• the history and geography of the times and places referred to in the Old or New Testament;
• the influence of the Old or New Testament on law, history, government, literature, art, music, customs, morals, values, and culture.
• the methods and tools of writing during the period when the Old or New Testament was written and the means by which books were preserved;
• the languages in which the Old or New Testament book was written; and
• the historical and cultural events that led to the translation of the Old or New Testament book into English.

Is it legal to teach the Bible in public schools?

Yes, under certain conditions. In the 1963 case School District of Abington Township, Pennsylvania v. Schempp, the Supreme Court ruled that the First Amendment’s Establishment Clause prohibits public schools from sponsoring devotional Bible readings and recitations of the Lord’s Prayer. However, the Court found that First Amendment does not prohibit the teaching of the Bible as part of a curriculum of history and literature. In the majority decision the Court wrote:

In addition, it might well be said that one’s education is not complete without a study of comparative religion or the history of religion and its relationship to the advancement of civilization. It certainly may be said that the Bible is worthy of study for its literary and historic qualities. Nothing we have said here indicates that such study of the Bible or of religion, when presented objectively as part of a secular program of education, may not be effected consistently with the First Amendment.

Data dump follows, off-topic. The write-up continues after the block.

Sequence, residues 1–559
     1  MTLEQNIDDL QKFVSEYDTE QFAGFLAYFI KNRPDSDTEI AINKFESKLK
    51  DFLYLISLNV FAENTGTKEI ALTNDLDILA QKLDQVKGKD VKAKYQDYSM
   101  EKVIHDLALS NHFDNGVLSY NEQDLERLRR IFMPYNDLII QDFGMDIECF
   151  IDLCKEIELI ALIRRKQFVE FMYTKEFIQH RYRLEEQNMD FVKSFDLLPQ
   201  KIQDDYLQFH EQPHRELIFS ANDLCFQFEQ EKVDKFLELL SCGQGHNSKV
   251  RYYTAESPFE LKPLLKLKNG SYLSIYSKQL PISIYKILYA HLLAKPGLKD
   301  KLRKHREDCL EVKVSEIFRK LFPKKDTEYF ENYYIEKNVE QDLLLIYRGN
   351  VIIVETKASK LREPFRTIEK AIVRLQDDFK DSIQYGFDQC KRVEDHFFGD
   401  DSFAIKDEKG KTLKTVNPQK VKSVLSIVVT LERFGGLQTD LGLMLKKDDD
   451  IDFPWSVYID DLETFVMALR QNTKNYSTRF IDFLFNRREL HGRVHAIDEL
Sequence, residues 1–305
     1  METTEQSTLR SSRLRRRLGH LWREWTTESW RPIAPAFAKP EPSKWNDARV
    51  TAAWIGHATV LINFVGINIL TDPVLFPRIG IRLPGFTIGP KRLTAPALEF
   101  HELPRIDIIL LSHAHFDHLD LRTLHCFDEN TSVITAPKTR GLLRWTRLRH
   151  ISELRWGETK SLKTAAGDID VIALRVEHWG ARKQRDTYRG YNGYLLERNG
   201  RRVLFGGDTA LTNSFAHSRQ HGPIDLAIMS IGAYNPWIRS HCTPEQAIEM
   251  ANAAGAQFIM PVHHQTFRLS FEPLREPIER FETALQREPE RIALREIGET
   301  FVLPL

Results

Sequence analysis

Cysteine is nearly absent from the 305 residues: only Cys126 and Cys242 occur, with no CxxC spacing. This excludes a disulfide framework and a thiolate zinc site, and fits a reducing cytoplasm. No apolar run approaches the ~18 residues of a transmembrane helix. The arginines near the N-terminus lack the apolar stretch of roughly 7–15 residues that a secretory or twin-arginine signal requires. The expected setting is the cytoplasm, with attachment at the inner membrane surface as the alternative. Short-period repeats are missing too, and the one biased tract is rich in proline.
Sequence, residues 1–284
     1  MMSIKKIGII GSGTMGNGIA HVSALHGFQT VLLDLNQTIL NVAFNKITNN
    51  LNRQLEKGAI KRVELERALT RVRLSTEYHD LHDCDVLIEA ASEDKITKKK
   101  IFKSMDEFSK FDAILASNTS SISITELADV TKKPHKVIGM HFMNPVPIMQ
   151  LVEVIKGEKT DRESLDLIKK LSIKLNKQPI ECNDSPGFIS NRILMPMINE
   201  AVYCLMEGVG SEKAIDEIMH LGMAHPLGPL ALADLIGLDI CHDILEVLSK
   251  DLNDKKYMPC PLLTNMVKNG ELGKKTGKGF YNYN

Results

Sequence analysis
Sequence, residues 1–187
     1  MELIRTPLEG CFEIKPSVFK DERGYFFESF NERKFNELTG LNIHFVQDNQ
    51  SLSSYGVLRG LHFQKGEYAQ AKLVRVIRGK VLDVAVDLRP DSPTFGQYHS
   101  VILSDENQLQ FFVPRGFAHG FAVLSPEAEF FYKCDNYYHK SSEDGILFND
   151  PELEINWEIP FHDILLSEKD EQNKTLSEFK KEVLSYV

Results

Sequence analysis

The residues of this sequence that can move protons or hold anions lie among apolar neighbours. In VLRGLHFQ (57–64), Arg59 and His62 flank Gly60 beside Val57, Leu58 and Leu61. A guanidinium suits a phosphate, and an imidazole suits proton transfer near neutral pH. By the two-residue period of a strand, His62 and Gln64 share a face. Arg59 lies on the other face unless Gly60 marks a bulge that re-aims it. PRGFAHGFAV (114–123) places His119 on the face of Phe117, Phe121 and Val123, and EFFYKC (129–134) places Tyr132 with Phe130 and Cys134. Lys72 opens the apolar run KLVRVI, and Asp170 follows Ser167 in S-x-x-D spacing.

Why Church Planting ‘Success’ Is Dangerous

Tue, 01/29/2019 - 12:03am

Last summer, I took a 10-week sabbatical. If you’d asked me at the time why I was taking it, I could’ve listed a number of reasons, all of which were legitimate and sincere. But what I didn’t expect was how God would use my sabbatical to teach me a single, foundational truth that I wish I could grab every church planter by the face, look into their eyes, and tell them: Your joy must be rooted in Jesus, not in doing things for Jesus.

Having gone through the throes of planting a church—the time, energy, and effort it took just to keep our heads above water—the line between my walk with Jesus and my ministry for Jesus was often blurred.

Your joy must be rooted in Jesus, not in doing things for Jesus.

And I came to realize that my identity was more tied to doing things for the kingdom than it was in being a son welcomed into it. This led to an unnoticed, dangerous shift in my heart: At some point I traded being sustained by communion with God for the recognition I received for serving him.